Cyprus registered cement carrier, which capsized on January 2, 2015 in violent sea conditions, was a “fatal hazard that was predictable and could have been avoided,” according to an investigation report by UK’s Marine Accident Investigation Branch (MAIB).
The 1984-built Cemfjord sank in the Pentland Firth, Scotland, with eight crewmembers on board while it was on its way from Aalborg, Denmark, to the UK port of Runcorn.
“The decision to enter the Pentland Firth, rather than seek shelter, was almost certainly a result of poor passage planning, an underestimation of the severity of the conditions and perceived or actual commercial pressure to press ahead with the voyage,” Steve Clinch, The Chief Inspector of Marine Accidents, said.
MAIB said that it is likely that Cemfjord’s stability condition did not meet the required criteria making the vessel more vulnerable to capsize.
Furthermore, the investigation revealed that Cemfjord was at sea with significant safety shortcomings and that there is no evidence that any consideration was given to delaying departure until these problems were fixed. Clinch said that “Cemfjord was only at sea because of Flag State approved exemptions from safety regulations,” although this was not a causal factor of the accident.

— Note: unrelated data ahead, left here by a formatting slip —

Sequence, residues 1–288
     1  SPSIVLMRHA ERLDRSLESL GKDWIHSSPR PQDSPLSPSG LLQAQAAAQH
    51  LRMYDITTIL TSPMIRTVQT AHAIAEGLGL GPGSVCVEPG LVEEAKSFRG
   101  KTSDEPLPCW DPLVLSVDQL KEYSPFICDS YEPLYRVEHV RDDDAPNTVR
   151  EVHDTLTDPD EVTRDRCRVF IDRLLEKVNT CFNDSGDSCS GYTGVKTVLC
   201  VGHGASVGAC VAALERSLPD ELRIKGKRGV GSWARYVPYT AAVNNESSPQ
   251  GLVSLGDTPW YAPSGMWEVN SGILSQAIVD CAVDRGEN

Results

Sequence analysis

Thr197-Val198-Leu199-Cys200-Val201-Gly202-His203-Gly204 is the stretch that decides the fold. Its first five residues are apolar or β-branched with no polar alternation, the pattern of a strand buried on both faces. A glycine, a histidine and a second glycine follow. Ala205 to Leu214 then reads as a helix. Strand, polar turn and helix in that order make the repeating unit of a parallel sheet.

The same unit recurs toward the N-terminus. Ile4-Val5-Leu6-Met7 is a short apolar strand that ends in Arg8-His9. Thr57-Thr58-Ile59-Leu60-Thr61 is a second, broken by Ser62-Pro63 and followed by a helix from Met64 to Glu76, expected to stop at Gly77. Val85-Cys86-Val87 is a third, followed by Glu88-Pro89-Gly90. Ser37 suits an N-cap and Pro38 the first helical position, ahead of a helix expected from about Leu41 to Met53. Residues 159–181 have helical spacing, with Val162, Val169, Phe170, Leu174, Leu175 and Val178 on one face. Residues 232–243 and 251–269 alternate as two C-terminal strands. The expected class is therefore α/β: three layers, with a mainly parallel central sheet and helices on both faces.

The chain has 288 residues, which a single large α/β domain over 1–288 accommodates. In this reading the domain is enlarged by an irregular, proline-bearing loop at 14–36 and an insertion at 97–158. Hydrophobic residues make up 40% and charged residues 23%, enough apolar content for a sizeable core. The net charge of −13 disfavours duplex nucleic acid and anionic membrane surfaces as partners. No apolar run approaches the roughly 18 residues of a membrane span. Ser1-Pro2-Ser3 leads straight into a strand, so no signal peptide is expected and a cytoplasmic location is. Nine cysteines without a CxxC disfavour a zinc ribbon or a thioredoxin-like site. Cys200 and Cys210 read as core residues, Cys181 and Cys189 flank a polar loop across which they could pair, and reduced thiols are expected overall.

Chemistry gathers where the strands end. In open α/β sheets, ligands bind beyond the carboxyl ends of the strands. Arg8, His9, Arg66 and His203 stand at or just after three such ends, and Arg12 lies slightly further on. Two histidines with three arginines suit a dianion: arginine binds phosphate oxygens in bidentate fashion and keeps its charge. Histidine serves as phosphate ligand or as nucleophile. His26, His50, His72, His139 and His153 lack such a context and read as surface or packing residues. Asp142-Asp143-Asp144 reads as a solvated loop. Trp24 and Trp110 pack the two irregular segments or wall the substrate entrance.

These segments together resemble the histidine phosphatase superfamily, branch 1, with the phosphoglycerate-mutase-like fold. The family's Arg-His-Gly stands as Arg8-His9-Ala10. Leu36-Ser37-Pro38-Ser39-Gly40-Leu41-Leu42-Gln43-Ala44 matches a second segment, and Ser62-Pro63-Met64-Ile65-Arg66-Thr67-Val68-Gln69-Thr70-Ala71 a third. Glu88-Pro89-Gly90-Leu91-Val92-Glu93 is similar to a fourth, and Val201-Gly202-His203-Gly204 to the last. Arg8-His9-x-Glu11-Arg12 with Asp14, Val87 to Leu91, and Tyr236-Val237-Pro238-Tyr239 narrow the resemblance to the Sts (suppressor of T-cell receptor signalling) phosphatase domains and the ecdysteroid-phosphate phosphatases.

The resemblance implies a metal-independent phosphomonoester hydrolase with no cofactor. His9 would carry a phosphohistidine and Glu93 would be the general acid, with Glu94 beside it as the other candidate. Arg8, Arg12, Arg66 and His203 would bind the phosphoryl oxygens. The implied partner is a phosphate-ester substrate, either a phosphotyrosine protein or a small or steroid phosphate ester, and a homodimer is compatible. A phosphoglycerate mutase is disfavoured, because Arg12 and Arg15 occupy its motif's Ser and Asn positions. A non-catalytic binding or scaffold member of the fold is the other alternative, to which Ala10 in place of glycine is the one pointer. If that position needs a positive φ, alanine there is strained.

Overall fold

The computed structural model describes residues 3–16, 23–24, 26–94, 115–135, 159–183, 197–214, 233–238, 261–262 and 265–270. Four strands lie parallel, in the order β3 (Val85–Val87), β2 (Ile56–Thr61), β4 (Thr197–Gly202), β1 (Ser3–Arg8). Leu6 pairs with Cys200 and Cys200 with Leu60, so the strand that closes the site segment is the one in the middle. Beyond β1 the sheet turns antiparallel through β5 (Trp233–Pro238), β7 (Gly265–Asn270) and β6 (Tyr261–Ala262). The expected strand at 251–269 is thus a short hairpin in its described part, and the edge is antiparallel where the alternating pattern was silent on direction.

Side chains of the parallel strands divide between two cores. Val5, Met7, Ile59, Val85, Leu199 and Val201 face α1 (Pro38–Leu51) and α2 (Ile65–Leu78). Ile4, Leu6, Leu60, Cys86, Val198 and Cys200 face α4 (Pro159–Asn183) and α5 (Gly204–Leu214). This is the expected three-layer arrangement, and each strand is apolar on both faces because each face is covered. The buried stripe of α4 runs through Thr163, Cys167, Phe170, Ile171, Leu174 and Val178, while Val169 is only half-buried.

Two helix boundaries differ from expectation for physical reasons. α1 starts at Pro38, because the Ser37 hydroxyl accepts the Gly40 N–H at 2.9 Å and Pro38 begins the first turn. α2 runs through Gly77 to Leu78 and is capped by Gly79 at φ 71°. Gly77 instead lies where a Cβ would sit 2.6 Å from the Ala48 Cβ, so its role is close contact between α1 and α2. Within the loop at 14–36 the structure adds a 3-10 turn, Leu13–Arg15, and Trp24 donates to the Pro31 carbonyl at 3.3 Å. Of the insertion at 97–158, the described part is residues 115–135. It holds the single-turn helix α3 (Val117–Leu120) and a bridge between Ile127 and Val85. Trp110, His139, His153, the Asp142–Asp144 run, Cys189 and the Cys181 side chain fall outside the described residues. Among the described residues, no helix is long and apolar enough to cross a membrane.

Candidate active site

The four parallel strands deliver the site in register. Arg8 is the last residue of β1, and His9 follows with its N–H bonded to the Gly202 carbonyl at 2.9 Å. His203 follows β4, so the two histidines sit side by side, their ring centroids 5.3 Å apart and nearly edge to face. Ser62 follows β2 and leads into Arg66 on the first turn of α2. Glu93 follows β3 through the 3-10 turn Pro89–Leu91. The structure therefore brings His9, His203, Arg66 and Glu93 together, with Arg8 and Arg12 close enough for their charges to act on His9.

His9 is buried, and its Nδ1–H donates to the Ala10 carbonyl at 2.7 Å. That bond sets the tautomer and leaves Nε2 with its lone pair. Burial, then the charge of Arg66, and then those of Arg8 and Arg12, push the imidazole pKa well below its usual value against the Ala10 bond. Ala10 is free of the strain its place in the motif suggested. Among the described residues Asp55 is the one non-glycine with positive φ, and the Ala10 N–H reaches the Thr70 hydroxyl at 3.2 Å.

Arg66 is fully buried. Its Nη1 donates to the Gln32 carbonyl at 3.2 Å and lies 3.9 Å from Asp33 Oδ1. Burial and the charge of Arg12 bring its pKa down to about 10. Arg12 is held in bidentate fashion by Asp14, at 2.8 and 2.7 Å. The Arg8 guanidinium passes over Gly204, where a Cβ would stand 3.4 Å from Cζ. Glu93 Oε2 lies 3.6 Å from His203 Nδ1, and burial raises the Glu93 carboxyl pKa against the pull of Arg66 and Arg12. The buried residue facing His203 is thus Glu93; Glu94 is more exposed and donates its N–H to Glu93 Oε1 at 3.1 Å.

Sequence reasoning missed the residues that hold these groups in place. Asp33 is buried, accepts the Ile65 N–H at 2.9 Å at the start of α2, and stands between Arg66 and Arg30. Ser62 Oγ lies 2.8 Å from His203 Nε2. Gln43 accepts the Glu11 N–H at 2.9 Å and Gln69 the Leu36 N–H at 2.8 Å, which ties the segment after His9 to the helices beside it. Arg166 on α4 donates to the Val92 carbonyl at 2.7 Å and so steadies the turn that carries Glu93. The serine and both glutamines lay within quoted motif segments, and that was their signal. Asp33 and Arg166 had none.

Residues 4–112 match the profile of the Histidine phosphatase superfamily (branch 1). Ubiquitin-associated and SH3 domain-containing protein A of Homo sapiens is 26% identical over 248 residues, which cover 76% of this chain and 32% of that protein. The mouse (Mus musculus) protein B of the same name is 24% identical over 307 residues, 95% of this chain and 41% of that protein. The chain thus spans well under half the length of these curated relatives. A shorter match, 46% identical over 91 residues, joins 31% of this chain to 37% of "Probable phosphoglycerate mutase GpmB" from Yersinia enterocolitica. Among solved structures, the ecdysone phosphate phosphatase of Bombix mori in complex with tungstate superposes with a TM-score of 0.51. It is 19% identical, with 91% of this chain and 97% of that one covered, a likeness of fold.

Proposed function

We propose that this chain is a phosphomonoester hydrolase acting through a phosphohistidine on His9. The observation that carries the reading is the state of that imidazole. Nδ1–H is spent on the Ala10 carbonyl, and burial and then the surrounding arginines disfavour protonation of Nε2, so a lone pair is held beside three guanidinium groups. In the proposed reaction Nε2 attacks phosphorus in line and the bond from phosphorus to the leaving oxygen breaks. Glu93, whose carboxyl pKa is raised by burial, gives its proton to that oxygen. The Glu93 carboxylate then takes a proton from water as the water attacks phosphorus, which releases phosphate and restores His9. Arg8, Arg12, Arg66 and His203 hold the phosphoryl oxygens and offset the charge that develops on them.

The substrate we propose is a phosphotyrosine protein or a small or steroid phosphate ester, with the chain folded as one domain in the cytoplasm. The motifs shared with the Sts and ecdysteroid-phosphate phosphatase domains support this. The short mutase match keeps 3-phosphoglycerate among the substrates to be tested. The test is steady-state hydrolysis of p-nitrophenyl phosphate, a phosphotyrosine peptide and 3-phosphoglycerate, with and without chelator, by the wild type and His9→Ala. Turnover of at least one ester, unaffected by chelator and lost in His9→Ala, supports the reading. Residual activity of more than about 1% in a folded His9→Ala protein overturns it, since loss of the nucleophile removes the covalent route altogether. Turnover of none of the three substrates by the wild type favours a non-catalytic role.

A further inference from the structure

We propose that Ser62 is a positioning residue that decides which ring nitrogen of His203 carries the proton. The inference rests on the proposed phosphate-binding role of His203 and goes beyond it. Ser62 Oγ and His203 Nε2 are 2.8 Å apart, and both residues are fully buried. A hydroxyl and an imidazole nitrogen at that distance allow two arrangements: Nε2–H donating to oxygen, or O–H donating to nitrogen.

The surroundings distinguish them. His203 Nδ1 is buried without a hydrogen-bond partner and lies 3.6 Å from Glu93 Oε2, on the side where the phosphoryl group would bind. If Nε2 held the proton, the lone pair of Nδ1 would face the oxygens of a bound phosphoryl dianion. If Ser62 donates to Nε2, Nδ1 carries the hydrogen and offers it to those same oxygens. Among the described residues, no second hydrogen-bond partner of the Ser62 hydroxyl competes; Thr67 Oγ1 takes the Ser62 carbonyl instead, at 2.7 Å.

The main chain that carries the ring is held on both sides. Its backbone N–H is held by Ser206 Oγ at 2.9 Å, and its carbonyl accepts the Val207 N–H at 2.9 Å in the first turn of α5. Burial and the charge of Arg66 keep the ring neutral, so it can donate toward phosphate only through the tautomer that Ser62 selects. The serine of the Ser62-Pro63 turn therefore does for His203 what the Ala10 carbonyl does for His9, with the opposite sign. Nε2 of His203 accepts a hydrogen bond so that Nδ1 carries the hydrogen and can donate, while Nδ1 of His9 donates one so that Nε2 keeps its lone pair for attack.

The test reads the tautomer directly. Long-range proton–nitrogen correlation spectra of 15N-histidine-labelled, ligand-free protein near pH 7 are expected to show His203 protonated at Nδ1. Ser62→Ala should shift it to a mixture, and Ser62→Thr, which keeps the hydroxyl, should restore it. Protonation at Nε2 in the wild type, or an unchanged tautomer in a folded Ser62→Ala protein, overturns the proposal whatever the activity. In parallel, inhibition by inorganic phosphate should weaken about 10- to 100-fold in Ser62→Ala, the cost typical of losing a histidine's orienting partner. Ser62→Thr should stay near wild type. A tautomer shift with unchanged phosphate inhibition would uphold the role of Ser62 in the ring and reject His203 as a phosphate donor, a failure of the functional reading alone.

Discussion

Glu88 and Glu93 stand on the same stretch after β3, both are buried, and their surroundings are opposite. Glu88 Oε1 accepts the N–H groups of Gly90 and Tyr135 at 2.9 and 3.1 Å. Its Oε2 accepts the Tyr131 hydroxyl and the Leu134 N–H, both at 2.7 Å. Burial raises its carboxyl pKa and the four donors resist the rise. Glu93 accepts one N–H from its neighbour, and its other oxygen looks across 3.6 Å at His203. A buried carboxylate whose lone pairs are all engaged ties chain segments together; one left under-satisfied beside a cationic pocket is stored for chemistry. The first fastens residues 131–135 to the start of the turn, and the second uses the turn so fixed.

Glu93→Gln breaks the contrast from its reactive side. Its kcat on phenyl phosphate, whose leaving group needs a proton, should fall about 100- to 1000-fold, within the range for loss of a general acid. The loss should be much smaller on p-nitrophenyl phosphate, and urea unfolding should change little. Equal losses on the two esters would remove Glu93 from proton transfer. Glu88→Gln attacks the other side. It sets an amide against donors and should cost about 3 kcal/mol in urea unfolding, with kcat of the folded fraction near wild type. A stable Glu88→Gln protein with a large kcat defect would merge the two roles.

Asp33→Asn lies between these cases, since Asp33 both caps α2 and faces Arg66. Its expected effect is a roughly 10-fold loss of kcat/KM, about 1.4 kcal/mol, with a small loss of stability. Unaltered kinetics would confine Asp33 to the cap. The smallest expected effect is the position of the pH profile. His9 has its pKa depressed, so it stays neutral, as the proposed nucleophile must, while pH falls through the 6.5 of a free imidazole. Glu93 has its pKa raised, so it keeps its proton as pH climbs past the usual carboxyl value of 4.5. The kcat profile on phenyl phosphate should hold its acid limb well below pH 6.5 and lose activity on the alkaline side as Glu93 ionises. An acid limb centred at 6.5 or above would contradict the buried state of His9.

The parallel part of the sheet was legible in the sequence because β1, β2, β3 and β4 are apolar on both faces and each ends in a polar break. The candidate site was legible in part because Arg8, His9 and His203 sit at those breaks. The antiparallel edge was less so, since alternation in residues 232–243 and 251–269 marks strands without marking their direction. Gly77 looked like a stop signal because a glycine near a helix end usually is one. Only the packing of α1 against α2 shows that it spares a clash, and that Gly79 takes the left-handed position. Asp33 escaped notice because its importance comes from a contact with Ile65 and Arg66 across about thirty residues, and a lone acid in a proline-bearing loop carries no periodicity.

“This tragic accident is a stark reminder of the hazards faced by mariners at sea and the factors that can influence decision making in such treacherous circumstances,” Clinch said.
The ship’s manager, Hamburg-based Brise Schiffahrt, said that no distress call was received from the vessel’s crew which consisted of seven Polish seafarers and one Filipino mariner.
“The rapid nature of the capsize denied the crew an opportunity to issue a distress message or the chance to conduct a controlled abandonment of the vessel,” Clinch said.
MAIB has made a series of safety recommendations to the vessel’s managers, Flag State and the Maritime and Coastguard Agency intended to improve the safety management of cement carriers and also review the safety arrangements in the Pentland Firth.